A tax proposal in the US is reported to make "tuition waivers that many graduate students receive when they work as teaching assistants or researchers" taxable.

I am currently a PhD student at a US institution. All regularly enrolled PhD students at my institution have tuition 100% covered, whether through an external grant working for an advisor as an RA, as a TA, or through a university or external fellowship. Tuition is not formally waived; money is actually moving between accounts, even if (in the case of TA's and university fellows) the money is moving from one university account to another. There is a paper record as a part of my paycheck (I also get a stipend) that shows the tuition support that is being paid out. Currently no student, to my knowledge, pays taxes on the tuition support that is paid on their behalf.

I am wondering, in the context of the proposed legislation, what are the "tuition waivers" that would be taxed? Is it all tuition money paid on a student's behalf, as I've described above, or is it some subset of that, or is it something else?

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    It really looks dire. Hard to see how this wouldn’t destroy science in America. Nov 5, 2017 at 0:13
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    @Noah Pretty sure that's the point. It'll be fun to see how fast anti-union schools backpedal on their "free tuition" argument too. Nov 5, 2017 at 0:21
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    Seems like this could kick off an interesting political discussion about transfer pricing and exactly how the student/institution relationship should be described.
    – Nat
    Nov 5, 2017 at 2:50
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    @Just_to_Answer a tax deduction decreases your taxable income, not hte tax itself, so a $12.5k deduction would make your taxable income $35k in that case (let me know if I'm misunderstanding you.) But that's only one example. What if your tuition is $50k and your stipend is $30k? Nov 6, 2017 at 2:09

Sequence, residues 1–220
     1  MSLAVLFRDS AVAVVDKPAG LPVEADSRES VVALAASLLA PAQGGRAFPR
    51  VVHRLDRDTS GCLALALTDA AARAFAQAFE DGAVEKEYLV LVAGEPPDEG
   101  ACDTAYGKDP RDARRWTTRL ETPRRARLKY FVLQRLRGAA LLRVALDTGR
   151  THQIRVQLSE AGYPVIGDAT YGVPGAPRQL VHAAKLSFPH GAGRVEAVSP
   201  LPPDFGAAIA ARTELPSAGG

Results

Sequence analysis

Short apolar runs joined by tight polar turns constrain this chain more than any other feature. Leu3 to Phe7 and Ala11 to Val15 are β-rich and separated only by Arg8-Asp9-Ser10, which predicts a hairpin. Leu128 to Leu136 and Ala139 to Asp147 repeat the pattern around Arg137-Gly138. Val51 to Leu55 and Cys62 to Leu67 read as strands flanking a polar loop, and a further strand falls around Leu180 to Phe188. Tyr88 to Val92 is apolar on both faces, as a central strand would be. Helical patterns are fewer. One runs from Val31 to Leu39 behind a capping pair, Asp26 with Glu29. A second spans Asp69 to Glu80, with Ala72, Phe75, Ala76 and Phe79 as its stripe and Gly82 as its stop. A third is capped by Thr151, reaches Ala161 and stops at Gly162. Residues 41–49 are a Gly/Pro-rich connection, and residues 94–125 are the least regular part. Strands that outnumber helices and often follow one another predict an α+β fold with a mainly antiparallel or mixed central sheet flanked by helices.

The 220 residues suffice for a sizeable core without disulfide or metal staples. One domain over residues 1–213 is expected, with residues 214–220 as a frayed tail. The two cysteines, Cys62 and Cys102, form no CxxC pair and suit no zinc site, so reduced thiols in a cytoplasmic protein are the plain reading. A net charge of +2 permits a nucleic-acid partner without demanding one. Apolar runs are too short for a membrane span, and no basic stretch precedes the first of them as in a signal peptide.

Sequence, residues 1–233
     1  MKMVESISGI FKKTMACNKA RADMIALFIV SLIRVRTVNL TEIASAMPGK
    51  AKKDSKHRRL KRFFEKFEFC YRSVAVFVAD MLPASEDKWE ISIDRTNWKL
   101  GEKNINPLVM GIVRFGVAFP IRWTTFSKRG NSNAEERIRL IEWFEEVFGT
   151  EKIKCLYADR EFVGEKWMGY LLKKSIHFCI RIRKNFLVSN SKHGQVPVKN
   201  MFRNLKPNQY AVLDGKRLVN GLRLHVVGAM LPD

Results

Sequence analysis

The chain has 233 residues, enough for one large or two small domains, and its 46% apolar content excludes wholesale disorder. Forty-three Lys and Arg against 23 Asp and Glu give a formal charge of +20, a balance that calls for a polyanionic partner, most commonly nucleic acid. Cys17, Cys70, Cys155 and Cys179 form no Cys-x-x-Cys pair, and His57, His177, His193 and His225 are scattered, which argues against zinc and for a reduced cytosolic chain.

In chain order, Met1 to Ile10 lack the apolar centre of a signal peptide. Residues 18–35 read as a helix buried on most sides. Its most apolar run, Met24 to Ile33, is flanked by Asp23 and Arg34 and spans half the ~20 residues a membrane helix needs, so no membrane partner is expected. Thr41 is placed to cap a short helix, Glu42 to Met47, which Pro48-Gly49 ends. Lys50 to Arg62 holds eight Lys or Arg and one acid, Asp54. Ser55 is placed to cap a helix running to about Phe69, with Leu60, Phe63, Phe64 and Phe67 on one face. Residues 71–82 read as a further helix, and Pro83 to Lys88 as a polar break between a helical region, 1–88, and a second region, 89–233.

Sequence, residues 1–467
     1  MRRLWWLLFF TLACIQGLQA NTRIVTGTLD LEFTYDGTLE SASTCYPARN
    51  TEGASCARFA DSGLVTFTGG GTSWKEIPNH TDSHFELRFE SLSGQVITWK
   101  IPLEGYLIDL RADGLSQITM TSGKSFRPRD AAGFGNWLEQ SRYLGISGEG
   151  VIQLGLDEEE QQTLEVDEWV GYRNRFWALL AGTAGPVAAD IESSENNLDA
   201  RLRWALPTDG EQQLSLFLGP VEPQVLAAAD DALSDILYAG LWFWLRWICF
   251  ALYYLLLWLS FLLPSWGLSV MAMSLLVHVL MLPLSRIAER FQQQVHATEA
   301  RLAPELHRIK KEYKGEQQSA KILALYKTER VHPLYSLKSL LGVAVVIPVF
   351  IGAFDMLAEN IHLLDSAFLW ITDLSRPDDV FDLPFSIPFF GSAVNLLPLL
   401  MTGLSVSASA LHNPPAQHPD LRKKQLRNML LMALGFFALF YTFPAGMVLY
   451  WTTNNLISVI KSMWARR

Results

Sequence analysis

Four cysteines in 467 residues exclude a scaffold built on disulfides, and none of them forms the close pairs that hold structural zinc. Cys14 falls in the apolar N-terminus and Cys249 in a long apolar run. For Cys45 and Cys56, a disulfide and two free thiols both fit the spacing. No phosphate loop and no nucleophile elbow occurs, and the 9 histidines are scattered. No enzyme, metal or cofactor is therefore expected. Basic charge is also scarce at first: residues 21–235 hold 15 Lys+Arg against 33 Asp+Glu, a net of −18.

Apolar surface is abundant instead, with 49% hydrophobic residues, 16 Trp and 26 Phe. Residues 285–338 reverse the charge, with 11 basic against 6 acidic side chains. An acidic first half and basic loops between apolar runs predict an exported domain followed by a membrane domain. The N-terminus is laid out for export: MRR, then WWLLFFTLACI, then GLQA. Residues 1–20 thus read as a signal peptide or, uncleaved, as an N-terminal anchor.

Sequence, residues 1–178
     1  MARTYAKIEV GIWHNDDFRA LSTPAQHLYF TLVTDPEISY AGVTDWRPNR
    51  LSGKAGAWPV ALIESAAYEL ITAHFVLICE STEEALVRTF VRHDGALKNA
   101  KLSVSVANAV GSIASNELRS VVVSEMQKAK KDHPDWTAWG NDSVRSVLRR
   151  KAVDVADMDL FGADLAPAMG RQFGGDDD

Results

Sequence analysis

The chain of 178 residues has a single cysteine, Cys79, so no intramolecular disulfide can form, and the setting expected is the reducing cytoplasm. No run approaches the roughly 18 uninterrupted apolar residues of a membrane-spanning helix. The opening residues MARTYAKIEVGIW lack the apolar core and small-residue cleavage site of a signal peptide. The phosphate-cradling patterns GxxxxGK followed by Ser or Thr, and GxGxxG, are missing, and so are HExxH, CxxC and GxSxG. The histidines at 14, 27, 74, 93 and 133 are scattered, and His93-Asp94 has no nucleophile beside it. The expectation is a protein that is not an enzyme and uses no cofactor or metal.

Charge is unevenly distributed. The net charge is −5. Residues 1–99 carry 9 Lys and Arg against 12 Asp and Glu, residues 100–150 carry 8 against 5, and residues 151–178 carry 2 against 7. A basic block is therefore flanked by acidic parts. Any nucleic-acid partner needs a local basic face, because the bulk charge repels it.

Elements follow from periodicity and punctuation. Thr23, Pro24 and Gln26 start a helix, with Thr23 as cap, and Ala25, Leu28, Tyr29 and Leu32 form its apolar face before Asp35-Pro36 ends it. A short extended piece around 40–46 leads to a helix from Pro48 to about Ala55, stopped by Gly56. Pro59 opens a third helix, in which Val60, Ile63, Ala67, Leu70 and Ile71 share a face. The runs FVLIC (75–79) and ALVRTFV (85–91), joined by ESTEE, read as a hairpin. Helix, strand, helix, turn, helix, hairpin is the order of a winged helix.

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    @Just_to_Answer deductions are amounts taken out of income for purposes of determining tax owed, not full credit on the tax amount. In your example, the taxable income would be reduced from $50K to $37.5K, which is a lot more than the current $20K less the current deduction. Nov 6, 2017 at 23:02

1 Answer 1


A tuition waiver is when no tuition charges are paid at all. For instance, at my university, graduate students on research or teaching assistantships are not charged any tuition, nor are their advisors. In this sense, they have been granted a waiver for their tuition.

Note that even partial-year tuition waivers can be significant. For instance, during the 2017-2018 year, MIT would charge over $16,000 for summer tuition for graduate students, unless they're only enrolled in research!

I have yet to see any commentary on the issue of advisor-paid or department-paid tuition counts as a "tuition waiver."

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    The Chronicle article seems to make it clear that the intent of the bill is to tax tuition paid on behalf of the grad student by the department, and possibly through grants as well. It's not uncommon for money you never see to be considered "income" for tax purposes--for example, forgiven debt is generally taxable. Nov 4, 2017 at 22:53
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    Also, currently, when students do pay their own tuition, they can deduct this from their taxable income. The proposed change to the law would also eliminate this deduction. Nov 4, 2017 at 23:36
  • @BrianBorchers yes, my last year at university I claimed myself as 'independent' on my taxes. My $10k in tuition was deductible, as was my laptop purchase (for school). In years prior, I only received about $300 as a refund. But that year, I received $2,400. When filing as a 'dependent', my parents got the tax break (even though I was actually paying the tuition)... Nov 5, 2017 at 21:23
  • Can you give a sense of how widespread the practice is in the US? Moreover, your profile puts your university in Germany - how does that square with the US-specific nature of the question?
    – E.P.
    Nov 7, 2017 at 20:07
  • @E.P.: Sorry—my profile is out of date. I've been back in the US (I grew up here) for a while now. As for how widespread the practice is, I don't know where the statistics for those are (or if they're even kept).
    – aeismail
    Nov 7, 2017 at 20:26

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